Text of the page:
A better choice for camping or tailgating

While most of the expert sources we consulted lump the Weber Q 1200 in with travel grills, we don't. Rather, we recommend it for permanent residence on a patio or deck, not for hauling around to tailgate with. If that's what you need a gas grill for you'll be better served with the Coleman RoadTrip LXE (Est. $150). It earns very good ratings in owner reviews and is the number one pick at OutdoorGearLab.

The Coleman RoadTrip is an oval grill on a stand with a clever design that folds up when not in use, resembling a rolling suitcase, for easy transport. That design makes it a bit heavy for a portable grill -- it weighs 44 pounds on the stand -- but it's also a larger grill overall, with a cooking surface of 285 square inches. Another advantage is that you don't have to find a surface to place it on. The Coleman RoadTrip has cast-iron grates, and a powerful heat output. Most users say it's easy to clean, but a few disagree, saying grease builds up or pools in the bottom, posing a risk of flare-ups. Others point out that cleaning is easier if you line the bottom with foil, which doesn't affect performance.

Owners like that the RoadTrip grill can be used to prepare everything from morning coffee and pancakes to a steak dinner, with many noting that they purchased the optional RoadTrip Cast Iron Griddle (Est. $30) and RoadTrip Stove Grate (Est. $20) accessories as add-ons. The pullout shelves and built-in hooks for utensils also earn praise for their usefulness.

Another portable gas grill that gets a couple of expert recommendations and also comes in at a lower price point than either of the above two grills is the Cuisinart Petit Gourmet (Est. $90). It features a nifty design with telescoping legs to retract for transport, then extend to make it a more comfortable grilling height. Reviewed makes this their top pick in portable grills for 2018, giving it an Editors' Choice award as well. They love its portability, but warn that it is small; more appropriate for dinner for two, rather than a family or tailgating crowd. Its total grilling area is 145 square inches.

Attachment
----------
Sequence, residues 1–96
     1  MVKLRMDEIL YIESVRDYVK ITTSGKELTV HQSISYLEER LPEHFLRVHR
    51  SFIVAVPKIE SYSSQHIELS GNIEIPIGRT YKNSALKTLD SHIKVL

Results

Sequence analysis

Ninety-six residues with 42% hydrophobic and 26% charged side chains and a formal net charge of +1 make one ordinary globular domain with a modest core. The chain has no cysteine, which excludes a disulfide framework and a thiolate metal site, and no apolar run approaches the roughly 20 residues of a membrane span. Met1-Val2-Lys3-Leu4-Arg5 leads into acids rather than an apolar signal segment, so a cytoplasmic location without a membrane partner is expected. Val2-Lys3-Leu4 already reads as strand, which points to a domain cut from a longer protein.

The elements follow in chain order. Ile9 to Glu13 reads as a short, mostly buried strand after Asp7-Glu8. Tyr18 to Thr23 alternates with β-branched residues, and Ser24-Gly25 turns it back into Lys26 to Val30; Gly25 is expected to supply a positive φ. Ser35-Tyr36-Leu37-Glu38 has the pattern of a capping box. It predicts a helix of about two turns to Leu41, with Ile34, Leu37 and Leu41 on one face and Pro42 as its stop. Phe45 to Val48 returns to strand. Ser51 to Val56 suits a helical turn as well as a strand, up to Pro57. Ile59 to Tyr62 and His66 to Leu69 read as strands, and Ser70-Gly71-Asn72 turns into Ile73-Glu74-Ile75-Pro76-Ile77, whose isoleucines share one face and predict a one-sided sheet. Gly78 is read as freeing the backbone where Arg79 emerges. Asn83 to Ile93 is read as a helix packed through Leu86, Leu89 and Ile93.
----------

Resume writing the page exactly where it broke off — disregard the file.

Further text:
OutdoorGearLab makes the Cuisinart Petit Gourmet their "Top Pick for Portability." They love the telescoping legs, and say that, although it's not particularly powerful, it grills nice and evenly -- it just might take a bit longer. Owners like it too, giving it above average ratings across several retail sites, including 4 stars in nearly 900 reviews at Amazon. Most say it's easy to use and clean and is the perfect size to keep in a trunk or camper for travel. It weighs 15 pounds.

The best portable charcoal grills